and the firm soil win of the watery main,
increasing store with loss, and loss with store;
When I have seen such interchange of state,
or state itself confounded to decay;
ruin hath taught me thus to ruminate
That Time will come and take my love away.

This thought is as a death, which cannot choose
But weep to have that which it fears to lose.

 

Death of the Republic

Actium, Egyptian ship with battering ram

Today is the anniversary of the Battle of Actium, the final major conflict of the civil wars that wracked the dying Roman republic from 133BC (if you ascribe to the assassination of Tiberius Gracchus origination) or   from 49BC (if you take it from the Rubicon Crossing) to 31BC.

The poet Virgil was effectively a propagandist working on behalf of Octavian, to counter popularity for Marc Anthony and solidify the transition to Empire.  Virgil worked with Maecenas, the agent of Octavian.  The poem below is clearly propaganda.  Octavian and the Romans are portrayed as the home team supported by the “right” gods.  They are bright lights against the gathering darkness, Anthony is portrayed as deviant, relying on a gaudily dressed ill fated woman, a rag tag coalition speaking a babble of tongues.  They bring strange animal gods from the East.  They are the foreigners, the others, interlopers.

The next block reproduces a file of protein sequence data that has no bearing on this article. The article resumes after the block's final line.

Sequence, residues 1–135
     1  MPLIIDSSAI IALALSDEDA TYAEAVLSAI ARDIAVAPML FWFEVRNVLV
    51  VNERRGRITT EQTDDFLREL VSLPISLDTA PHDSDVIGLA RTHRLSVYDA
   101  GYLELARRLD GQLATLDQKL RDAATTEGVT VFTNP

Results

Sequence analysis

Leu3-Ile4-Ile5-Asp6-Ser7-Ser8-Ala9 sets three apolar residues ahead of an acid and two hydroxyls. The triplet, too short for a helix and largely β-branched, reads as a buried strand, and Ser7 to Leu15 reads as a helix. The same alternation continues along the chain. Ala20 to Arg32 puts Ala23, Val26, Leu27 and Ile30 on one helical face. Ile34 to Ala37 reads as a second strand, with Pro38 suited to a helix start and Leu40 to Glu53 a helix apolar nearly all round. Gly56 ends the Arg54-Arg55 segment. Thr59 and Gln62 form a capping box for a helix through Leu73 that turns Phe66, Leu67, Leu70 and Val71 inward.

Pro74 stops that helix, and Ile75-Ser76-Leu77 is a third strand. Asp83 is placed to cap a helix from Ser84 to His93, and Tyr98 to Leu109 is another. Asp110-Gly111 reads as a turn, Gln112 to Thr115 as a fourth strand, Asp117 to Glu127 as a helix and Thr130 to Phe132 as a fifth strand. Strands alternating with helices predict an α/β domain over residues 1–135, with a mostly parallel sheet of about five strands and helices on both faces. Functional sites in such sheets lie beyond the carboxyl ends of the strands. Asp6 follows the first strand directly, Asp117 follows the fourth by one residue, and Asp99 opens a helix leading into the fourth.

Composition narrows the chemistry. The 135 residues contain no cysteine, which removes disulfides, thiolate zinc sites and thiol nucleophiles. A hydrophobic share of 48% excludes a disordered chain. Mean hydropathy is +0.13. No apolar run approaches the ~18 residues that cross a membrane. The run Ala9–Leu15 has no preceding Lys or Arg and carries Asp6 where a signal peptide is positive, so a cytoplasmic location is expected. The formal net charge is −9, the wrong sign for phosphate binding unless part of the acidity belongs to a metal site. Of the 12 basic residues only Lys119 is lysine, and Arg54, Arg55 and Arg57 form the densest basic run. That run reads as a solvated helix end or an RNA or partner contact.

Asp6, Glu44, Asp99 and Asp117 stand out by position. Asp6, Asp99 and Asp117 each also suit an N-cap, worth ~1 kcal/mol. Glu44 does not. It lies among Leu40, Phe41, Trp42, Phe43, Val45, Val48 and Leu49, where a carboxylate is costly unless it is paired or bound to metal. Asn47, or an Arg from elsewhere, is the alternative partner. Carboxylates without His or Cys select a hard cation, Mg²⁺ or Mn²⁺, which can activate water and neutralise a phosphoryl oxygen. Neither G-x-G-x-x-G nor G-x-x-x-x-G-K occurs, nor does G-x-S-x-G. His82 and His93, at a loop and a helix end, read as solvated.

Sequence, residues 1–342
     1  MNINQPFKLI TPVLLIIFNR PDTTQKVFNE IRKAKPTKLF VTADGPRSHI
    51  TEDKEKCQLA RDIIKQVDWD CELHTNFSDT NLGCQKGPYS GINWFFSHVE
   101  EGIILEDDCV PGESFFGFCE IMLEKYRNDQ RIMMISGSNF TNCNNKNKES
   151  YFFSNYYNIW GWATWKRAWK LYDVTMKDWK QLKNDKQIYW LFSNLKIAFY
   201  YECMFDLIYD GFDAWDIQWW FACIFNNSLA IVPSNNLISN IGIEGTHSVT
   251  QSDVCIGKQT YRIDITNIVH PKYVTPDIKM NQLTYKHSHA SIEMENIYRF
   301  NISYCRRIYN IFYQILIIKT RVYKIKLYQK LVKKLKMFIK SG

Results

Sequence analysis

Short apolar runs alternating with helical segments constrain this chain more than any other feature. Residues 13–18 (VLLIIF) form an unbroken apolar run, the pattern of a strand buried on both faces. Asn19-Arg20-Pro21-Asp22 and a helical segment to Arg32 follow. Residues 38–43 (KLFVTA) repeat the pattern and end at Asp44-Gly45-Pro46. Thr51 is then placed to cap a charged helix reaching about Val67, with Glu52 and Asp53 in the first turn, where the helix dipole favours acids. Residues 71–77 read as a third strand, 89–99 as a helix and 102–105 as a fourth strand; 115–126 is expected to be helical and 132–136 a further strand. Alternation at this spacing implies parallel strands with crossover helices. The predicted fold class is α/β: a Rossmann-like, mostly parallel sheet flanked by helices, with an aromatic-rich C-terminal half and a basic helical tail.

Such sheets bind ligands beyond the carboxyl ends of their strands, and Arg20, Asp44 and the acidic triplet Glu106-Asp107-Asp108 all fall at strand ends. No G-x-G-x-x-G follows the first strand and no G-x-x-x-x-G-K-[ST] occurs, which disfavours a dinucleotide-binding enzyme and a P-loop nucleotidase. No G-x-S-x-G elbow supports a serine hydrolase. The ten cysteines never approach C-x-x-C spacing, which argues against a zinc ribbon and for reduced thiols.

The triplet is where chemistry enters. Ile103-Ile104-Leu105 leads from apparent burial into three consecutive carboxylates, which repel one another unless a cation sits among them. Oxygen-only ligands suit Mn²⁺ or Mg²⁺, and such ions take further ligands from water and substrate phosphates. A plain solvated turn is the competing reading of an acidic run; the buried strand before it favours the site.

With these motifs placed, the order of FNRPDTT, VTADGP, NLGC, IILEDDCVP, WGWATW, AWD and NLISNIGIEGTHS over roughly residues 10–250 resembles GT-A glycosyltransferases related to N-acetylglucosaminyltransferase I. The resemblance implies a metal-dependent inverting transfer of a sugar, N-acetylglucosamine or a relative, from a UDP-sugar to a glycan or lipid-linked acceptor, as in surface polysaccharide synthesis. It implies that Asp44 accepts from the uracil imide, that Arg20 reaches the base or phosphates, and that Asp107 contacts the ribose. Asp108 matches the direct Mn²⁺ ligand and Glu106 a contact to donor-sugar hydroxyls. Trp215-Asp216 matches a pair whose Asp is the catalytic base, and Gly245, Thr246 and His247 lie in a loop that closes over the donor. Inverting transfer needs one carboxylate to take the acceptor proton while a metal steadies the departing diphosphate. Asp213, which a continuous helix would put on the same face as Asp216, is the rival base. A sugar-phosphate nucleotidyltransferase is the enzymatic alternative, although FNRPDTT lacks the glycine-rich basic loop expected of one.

The Battle of Actium; by Virgil (trans. John Dryden)  

Betwixt the quarters, flows a golden sea;
But foaming surges there in silver play.
The dancing dolphins with their tails divide
The glittering waves, and cut the precious tide.

Amid the main, two mighty fleets engage:
Their brazen beaks opposed with equal rage.
Actium surveys the well-disputed prize:
Leucate’s watery plain with foamy billows fries.

Young Caesar, on the stern in armour bright,
Here leads the Romans and their gods to fight:
His beamy temples shoot their flames afar;
And o’er his head is hung the Julian star.

Agrippa seconds him, with prosperous gales,
And, with propitious gods, his foes assails.
A naval crown, that binds his manly brows,
The happy fortune of the fight foreshows.

Ranged on the line opposed, Antonius brings